English Language Learners Stack Exchange is a question and answer site for speakers of other languages learning English. Join them; it only takes a minute:

Sign up
Here's how it works:
  1. Anybody can ask a question
  2. Anybody can answer
  3. The best answers are voted up and rise to the top

At the end of the movie Rise of the Guardians the guardians say to Jack Frost:

Then is time you take the Oath.

I have two questions concerning this sentence.

The first one is if then is time is identical to it is time.
And the second is if the verb take is present simple or present subjunctive.
What would be the verb if the subject were he, I.e. Take or takes?

share|improve this question
Are you sure they didn't say "Then it's time you take an Oath"? which would be correct grammatically – Peter Feb 21 at 13:30
@Peter The character who speaks the line is not a native speaker. – StoneyB Feb 21 at 13:32
Yes, I checked two variants of scripts, later I will watch this episode again. – Fatimahon Feb 21 at 13:32
up vote 5 down vote accepted

Then is time you take the oath is not idiomatic English, but the English of a non-native speaker: the character who speaks this line in Rise of the Guardians is represented with a Russian (or Russian-ish) accent. Consequently, the question of how the verb should be parsed is irrelevant.

In context, after asking "Are you ready now, Jack? To make it official?", what the character presumably intends is

Then it is time for you to take the oath.

... meaning that since he is ready, the appropriate time has now arrived.

It is possible he means:

Then it is time you took the oath.

In this idiom, the past-tense took would have a modal sense: you should take the oath, you have postponed or evaded that obligation. This meaning seems to me very unlikely in context.

share|improve this answer
I read in some sources on the Interner that present simple is possible after it is time. But I doubt it, as I was taught that this structure is followed by past subjunctive of the verb ' be' and sppast simple of other verbs. But in one source there was a sentence with bare infinitive of the verb 'be' after it is time. It was on forums, not in grammar books. I am not a native speaker, that is why I cannot judge. – Fatimahon Feb 21 at 13:37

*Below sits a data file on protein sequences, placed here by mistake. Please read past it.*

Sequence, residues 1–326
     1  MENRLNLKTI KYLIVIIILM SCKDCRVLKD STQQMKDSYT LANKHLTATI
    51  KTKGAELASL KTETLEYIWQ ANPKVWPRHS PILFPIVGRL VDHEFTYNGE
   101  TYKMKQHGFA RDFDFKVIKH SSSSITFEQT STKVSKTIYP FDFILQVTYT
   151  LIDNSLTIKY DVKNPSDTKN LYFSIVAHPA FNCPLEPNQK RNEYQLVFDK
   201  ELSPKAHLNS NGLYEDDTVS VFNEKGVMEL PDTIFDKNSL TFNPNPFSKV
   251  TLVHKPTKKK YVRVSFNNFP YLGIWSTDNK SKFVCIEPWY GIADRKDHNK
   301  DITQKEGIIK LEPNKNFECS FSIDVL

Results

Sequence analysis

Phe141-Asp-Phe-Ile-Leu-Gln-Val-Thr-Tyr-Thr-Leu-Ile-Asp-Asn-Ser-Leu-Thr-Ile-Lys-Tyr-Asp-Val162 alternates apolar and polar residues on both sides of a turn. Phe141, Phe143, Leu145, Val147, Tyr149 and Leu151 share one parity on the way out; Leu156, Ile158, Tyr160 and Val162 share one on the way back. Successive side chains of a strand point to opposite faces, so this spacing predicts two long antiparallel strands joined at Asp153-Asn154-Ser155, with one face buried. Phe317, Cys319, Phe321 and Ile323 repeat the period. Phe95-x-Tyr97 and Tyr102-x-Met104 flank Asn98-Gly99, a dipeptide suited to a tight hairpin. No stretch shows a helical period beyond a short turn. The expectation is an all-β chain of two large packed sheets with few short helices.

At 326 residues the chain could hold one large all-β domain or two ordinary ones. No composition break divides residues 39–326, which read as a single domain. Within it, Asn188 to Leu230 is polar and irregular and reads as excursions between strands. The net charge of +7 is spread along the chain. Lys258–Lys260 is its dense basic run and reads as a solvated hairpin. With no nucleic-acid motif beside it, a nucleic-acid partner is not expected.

@Fatimahon Because he speaks with a strong stage-Russian accent. Because he omits the subject it. – StoneyB Feb 21 at 13:47
@Fatimahon This is "stage-Russian" composed by the dialogue writer (and perhaps modified on the fly by the actor) to give an entertaining impression, not a scholarly attempt to reflect actual use of English by a native Russian speaker! – StoneyB Feb 21 at 14:01
@Fatimahon : The vowels are similar, but Spanish and Italian are syllable-timed, while Russian is stress-timed, like English. Also phonotactics: Unlike Italian, Russian has no difficulty with word-terminal closed syllables; and the actor fully enunciates complex clusters which are ordinarily assimilated in English. There are also occasional dropped articles in the dialogue, which is characteristically Russian. – StoneyB Feb 21 at 14:49
@Fatimahon Actually, "Don't noodles!" is very odd: it treats the noun noodles as a verb, and it only works because it parallels "Quit, don't quit" which immediately precedes it. – StoneyB Feb 21 at 16:54

Your Answer


By posting your answer, you agree to the privacy policy and terms of service.

Not the answer you're looking for? Browse other questions tagged or ask your own question.